Even before Taney took fans on a nail-gnawing comeback win Sunday, the players were already being treated like celebrities.

The 9- and 10-year-old members of the Aston-Middletown Little League team waited outside the batting cages 30 minutes before Taney was scheduled to arrive for practice. A group of about 50 people joined them.

"I'm going to ask for a selfie and an autograph!" fifth grader Roman Montoroso said as he and his teammates stared toward the hill from where the team would arrive.

The Delaware County team won the state championship in its division two weeks ago, and Taney came to support it. Now it was returning the favor on a bigger stage.

"It was our best win ever," said a smiling Sam Benvignati, a pitcher and catcher.

Around 5 p.m., the Dragons made their way through throngs of autograph seekers and smartphone-wielding fans, trailed by photographers and reporters. The Aston team took off toward them, a mob of baby blue racing toward their superstars.

"It's Taney!"

Near the fence, Quyen Shanahan watched her son Tai practice in the batting cage. A woman approached and asked where in Philadelphia the team is from. "Not near Taney Park by any chance?" Heather Kishbaugh asked. Turned out that Kishbaugh, who now lives in Bloomsburg, grew up around the corner. "I played there all the time. How cool," she said. "Good luck."

As the team wrapped up batting practice, players slapped eager hands reaching over the fence. A group of girls pressed their heads against the fence for a better view of Mo'ne Davis as she threw with a teammate.

Trazanna Spearman high-fived her son Zion and then called after him. "You going to come say hello to your mother?" she asked.

He was quick to run over and give her a kiss.

"Is this the only time you get to see him?" a woman asked Spearman. "Pretty much," she said. "A little after the game."

Spearman, a social worker who works with ex-offenders in Philadelphia, said that her son had no particular pregame superstitions, but that he does pray.

"They call him the preacher," she said, looking after the team as it took off toward the stadium, a trail of fans following.

The players, families, and fans were not thinking beyond the day, but Rick Cataldi, who coaches Taney's 15- and 16-year-old team, could not help but think about two years from now. The Taney players who stick with the team into high school would have him as a coach.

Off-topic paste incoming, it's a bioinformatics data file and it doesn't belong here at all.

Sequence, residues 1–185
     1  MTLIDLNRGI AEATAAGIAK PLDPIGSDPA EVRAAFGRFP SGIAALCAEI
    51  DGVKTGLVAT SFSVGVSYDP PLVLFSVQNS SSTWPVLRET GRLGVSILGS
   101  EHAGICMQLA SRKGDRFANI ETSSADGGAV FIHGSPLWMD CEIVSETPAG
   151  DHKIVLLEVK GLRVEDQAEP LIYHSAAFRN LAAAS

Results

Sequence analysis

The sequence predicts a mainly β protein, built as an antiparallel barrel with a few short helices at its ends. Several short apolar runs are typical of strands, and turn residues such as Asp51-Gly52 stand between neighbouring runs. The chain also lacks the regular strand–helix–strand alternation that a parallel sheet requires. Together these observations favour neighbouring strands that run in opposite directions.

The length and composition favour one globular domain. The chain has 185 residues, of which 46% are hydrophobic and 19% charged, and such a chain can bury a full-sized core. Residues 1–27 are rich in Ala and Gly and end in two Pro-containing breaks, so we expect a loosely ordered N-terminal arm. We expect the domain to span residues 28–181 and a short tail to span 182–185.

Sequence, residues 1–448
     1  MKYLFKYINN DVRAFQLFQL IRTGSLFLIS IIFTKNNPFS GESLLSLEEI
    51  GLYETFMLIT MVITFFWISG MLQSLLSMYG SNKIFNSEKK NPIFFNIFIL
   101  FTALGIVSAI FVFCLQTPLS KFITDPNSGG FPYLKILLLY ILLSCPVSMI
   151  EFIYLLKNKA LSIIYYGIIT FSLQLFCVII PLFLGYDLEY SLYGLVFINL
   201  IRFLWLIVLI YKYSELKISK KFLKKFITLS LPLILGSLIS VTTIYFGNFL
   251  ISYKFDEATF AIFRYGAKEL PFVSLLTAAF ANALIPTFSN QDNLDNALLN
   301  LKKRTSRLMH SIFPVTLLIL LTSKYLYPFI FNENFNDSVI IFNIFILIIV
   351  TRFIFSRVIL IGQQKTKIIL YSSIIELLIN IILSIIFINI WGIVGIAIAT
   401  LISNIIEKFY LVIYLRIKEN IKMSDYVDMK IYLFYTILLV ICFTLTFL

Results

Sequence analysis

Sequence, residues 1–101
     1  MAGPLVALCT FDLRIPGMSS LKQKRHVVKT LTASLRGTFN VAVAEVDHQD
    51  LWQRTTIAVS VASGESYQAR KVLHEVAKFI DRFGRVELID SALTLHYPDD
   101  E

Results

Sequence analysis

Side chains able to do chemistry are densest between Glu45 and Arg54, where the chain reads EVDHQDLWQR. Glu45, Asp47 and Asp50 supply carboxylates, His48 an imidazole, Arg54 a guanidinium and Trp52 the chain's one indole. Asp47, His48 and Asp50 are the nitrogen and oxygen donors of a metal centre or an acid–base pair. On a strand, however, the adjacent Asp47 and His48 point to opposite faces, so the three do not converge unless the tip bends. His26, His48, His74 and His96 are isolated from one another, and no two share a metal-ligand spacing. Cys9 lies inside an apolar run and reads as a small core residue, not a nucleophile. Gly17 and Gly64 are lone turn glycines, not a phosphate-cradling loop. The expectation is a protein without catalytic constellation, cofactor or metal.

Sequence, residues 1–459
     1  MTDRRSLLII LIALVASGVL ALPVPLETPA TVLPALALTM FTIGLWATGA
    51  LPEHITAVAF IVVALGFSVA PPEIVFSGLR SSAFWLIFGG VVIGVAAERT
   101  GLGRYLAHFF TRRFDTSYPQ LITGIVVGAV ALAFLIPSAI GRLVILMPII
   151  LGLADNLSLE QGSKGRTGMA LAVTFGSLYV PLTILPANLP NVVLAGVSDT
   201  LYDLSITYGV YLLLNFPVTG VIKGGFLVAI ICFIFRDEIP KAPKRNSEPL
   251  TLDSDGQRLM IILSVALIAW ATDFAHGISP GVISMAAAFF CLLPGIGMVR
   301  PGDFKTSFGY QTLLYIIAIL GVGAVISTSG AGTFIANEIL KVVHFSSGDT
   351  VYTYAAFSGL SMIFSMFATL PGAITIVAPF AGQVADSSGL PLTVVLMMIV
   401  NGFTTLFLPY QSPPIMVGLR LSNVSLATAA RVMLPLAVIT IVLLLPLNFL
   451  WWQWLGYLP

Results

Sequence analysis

"They're a special group of kids," Cataldi said before the game. "It's the Taney name - we're going to win. They're going to end this tournament undefeated."

Trevor Schmanek, 15, and Abdur Mujahid, 16, are on the older team and came to show support. Tai Shanahan's older brother, Liam, plays on the 15- and 16-year-old team.

Schmanek, a shortstop who attends St. Joseph's Preparatory School, and Mujahid, a catcher at Boys' Latin of Philadelphia Charter School, said they were thrilled for the younger players but warned that they still face challenges.

"The first time you play after leaving the Little League field, it's like night and day," Schmanek said, noting that base runners will have to navigate more space between bases.

"What used to be a home run is now a routine fly ball. What used to be an easy steal, you're getting gunned down," Cataldi said.

Cataldi said he hopes the younger Taney players' success brings more support to his push to spruce up (or replace) regulation-size fields in the city.

"It's really hard to find them, and the ones we have are terrible," he said. "It's hard as kids get older to give them what they need. These guys play in high school, but all want to play for Taney, too."

Meanwhile, in a tent 100 yards from the stadium but galaxies away from Taney fever, about a dozen people gathered at picnic tables, engrossed in the pin trade.

Pin traders came from all over, many never walking up the hill to watch the game - Mexico, Kansas, Lancaster, and from the Williamsport Police Department (The trader was off duty.)

There were dragon pins, Orioles pins, superhero pins, pins of iPhones and animals and fairies and movie characters, and even the occasional baseball image.

Tyler Cunningham, 14, of Kansas City, hung out in the tent as his father, a photographer for ESPN, shot the games on the sunny afternoon.

Cunningham was eyeing a few USA-themed pins in Whitey Mausteller's book. Mausteller had four trading books, with 44 books he does not trade lodged safely at home - and meticulously cataloged.

"I probably have about 15,000" he said. "That's what 19 years gets you."

Mausteller planned to spend each of the remaining seven days of the tournament from 10 a.m. to 5 p.m. in the pin tent. He won't watch a game. He can't name a Taney player. That's not why he was there.

"This is always huge for Williamsport, but this one just feels bigger," said Janet Stiger of Williamsport. "I mean, the town built new hotels to accommodate, and they're certainly using them."

Stiger, a retired nurse's aide, has attended with her daughter for 25 years: "First baseline, Row G."

Inside the stadium in the family section, pregame jitters started creeping in.

"I never knew there were 23 different types of nervous," said Erik Lipson, whose son Erik Lipson Jr. is a pitcher and first baseman for Taney. "Your body is tense, you're emotionally drained."

Joseph Richardson, whose son is first baseman Joseph Richardson Jr., was calmer. "I try to be. It doesn't always work," he said. "It's like any normal day. If you talk to them about it like it's a big thing, they can't keep as relaxed."

Quran Davis, 16, brother of Mo'ne Davis, was similarly collected. "I'm actually calm today," he said, sounding surprised. "But I am anxious for the game to start. Waiting's tough."

Moments after the victory, Keith Hendricks, father of Jahli Hendricks, reflected on what he had just seen: "Tough and gritty, those kids from the city," he said.